What is Barrier?
If you use multiple computers (laptops, desktop PCs) at the same time and position switching peripherals and screens can be a hassle. Using a single input and output seems to be a way easier solution but you need to have a KVM switch in order to do that. Cheaper KVM switches however provide only a limited set of connections, like VGA only (no HDMI), a limited amount of USB ports, or even PS/2 instead of USB. An alternate solution can be a software version of the KVM switch. This is the goal of Barrier: with its server-client architecture, you are able to connect multiple machines to each other and able to control all of them from one main computer. While Barrier of course doesn’t provide an HDMI nor VGA port, you can still use the screen of all the computers you’re working with, in a similar way like you set up a multi-monitor workflow.
With a KVM switch, you need to press a physical button to switch the I/O between your systems, with Barrier the only thing you need: move the mouse pointer from one computer to another (or use some keybindings). Of course this can be a caveat as well if you wan’t to use the same display for all machines like if you have a desktop and a clamshell mode laptop. I use three laptops with one external display and an iPad Air 4 as an additional small external display and I have arranged the equiptment that I’m able to see all the displays all the time.
How to set it up
The most important thing to know is what kind of systems do you have. For me it’s easy, I have a Windows for work, a MacBook Pro M1 Max for my game dev life and also I have a Linux laptop loaded with Arch Linux which takes part in a future project. My goal is to have the MBP act as a server as my favorite keyboard and mouse are connected to this one via Bluetooth and the Windows and Linux machines are supposed to be the clients.
For Windows and Mac you’ll need to download the package manually and install it. I used the Github page for Barrier. Here you want (most probably) to download the latest release. A good rule of thumb however if you have a Linux machine in the picture, check if your distro has an up-to-date package, if there’s no recent version, you might want to download the same version for the rest of your machines.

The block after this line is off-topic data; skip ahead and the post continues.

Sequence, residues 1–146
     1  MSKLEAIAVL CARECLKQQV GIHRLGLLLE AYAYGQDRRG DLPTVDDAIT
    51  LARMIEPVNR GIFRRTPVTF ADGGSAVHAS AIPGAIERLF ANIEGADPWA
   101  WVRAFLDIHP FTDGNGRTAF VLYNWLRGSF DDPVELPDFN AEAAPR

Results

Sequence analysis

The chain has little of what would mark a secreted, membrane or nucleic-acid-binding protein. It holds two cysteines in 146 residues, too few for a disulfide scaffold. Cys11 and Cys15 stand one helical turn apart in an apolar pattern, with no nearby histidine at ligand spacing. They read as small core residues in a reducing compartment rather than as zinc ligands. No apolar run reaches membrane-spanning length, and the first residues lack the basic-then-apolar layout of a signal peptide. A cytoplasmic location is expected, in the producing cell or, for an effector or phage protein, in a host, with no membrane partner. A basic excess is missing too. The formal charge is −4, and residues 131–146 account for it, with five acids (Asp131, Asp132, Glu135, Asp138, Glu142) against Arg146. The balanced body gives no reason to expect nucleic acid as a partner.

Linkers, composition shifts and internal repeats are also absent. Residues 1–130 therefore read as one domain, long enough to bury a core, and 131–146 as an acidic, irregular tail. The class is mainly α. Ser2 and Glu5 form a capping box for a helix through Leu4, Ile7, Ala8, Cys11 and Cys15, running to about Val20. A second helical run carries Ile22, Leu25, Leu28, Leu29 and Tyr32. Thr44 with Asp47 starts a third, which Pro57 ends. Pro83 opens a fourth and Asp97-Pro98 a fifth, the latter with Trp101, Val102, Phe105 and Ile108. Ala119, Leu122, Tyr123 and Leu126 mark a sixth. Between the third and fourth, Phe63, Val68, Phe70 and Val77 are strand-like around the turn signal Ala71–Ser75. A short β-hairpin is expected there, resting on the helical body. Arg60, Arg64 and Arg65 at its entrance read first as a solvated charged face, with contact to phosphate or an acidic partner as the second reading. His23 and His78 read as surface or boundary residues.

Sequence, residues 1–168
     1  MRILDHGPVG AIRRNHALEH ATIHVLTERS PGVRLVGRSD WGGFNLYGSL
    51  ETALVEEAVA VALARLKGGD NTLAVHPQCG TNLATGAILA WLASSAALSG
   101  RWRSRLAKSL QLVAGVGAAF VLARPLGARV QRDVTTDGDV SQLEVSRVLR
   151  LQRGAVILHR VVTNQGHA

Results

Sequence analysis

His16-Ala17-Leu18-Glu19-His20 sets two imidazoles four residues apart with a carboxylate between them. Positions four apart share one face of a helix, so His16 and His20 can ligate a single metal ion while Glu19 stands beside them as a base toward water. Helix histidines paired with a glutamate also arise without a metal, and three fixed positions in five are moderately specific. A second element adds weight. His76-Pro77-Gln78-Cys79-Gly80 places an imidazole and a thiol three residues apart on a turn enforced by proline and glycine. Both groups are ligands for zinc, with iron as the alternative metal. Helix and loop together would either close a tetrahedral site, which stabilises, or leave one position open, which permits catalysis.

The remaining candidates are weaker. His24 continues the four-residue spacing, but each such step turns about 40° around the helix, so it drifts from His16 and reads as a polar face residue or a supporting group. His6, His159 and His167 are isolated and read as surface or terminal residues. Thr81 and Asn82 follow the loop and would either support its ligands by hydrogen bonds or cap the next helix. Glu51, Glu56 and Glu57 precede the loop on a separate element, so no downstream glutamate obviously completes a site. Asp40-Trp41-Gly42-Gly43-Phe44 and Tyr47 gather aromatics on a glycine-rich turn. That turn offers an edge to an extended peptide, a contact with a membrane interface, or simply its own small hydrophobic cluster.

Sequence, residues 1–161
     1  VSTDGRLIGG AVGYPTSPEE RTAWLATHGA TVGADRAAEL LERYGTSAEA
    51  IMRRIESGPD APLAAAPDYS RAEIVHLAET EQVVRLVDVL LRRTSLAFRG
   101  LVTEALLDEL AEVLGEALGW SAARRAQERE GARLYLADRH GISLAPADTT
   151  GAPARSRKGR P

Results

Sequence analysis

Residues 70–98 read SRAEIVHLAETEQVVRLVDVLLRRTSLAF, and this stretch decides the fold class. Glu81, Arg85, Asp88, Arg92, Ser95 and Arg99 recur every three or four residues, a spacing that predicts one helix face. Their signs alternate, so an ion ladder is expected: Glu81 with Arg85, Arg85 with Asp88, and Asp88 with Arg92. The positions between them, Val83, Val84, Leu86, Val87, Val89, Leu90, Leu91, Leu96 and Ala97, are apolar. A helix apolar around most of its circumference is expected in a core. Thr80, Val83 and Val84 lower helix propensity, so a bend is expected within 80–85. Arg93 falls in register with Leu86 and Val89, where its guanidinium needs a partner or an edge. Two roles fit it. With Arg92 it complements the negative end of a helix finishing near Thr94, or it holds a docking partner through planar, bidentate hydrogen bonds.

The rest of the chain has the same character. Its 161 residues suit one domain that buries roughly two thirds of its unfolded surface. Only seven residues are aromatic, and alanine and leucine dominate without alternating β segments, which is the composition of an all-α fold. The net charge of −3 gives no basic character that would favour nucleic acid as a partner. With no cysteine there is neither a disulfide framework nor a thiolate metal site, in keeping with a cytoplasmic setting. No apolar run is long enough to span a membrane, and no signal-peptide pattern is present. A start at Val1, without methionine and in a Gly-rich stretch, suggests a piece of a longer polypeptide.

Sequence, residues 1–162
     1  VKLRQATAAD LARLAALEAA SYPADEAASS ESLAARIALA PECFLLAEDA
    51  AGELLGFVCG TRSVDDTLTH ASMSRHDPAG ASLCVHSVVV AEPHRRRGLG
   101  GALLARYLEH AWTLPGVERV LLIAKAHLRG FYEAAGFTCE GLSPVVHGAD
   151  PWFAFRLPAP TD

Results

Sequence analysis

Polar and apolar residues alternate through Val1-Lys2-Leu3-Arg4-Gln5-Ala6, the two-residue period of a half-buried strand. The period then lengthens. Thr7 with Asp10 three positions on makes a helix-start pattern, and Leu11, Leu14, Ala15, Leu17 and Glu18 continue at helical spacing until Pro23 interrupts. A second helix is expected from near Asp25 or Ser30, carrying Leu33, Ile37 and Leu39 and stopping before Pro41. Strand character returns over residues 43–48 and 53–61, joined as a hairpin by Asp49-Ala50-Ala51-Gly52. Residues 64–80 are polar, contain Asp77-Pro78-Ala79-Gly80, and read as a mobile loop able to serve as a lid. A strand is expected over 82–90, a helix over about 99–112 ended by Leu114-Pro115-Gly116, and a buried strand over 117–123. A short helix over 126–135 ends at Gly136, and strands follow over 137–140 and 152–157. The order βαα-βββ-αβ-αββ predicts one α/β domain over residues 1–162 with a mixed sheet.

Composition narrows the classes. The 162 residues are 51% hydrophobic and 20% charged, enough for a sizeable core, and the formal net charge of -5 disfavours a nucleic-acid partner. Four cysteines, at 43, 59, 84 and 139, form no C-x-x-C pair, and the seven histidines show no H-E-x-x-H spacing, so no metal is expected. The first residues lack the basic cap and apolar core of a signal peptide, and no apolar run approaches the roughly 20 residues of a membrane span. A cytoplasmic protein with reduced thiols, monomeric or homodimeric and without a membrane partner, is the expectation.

After you’ve downloaded the .dmg archive from the release page, mount the .dmg. It will have a single file which is the app itself. For whatever reason, there’s no link there to the Application folder but don’t let this turn down our smile: open another Finder window/tab, navigate to the Applications folder and copy the app there. When you start the app, you will receive the usual security notice from the system that this app was downloaded from the Internet but if you trust the app (it’s Open Source), set your direction towards System Settings/Security and allow the app. I wanted to set the Mac as the server so I selected the checkbox for the Server mode, and used the Configure Server… button. Here there’ll be an important step: set all your desktop names and position them where you want your “virtual” desktops. Setting the name seems to be required in order to have a successful connection between client and server. After the configuration, you can press the Start button on the main window.
Easy as (almost) every other app: you’ll download an executable installer that will simply install all the necessary files. After the installation you can start the app from the Start Menu. My Windows computer is added as a Client. Here the only important two settings are:
- Remove the check from the Auto config
- Set the correct IP address for the server
If everything is correct, clicking on the Start button on the main screen should connect your Windows client to your Server instance. You’ll first receive a message from the client, after closing it you can already play with the server keyboard and mouse.
Barrier is available on many Linux distributions, also available on Arch which is the one I’m using. For me a simple pacman install did the trick.
pacman -S barrier
After the install is done successfully you can run barrier from Terminal and also if you have a DE you’ll find it in your launcher menu.
Configuring as a client is the same as in windows since all platform has the same GUI (thankfully). On Linux you also have the option to use the non-gui variants, but I haven’t used them so I can’t really say anything on those.
The setup was done in prep for the first workday in 2022 so I don’t yet have a long-term experience with this setup. What I can already say is that I already see some benefits:
- Magic Mouse on Win/Linux never works (for me at least) the same way like on my MacOS computer, like the natural scrolling, or the horizontal scrolling. With this setup my mouse behaves the same way on all platforms.
- Keyboard and Mouse works perfectly
- Shared clipboard is working perfect and seamless
Where this setup will evolve? I’ll definitely post updates whenever there’ll be something useful.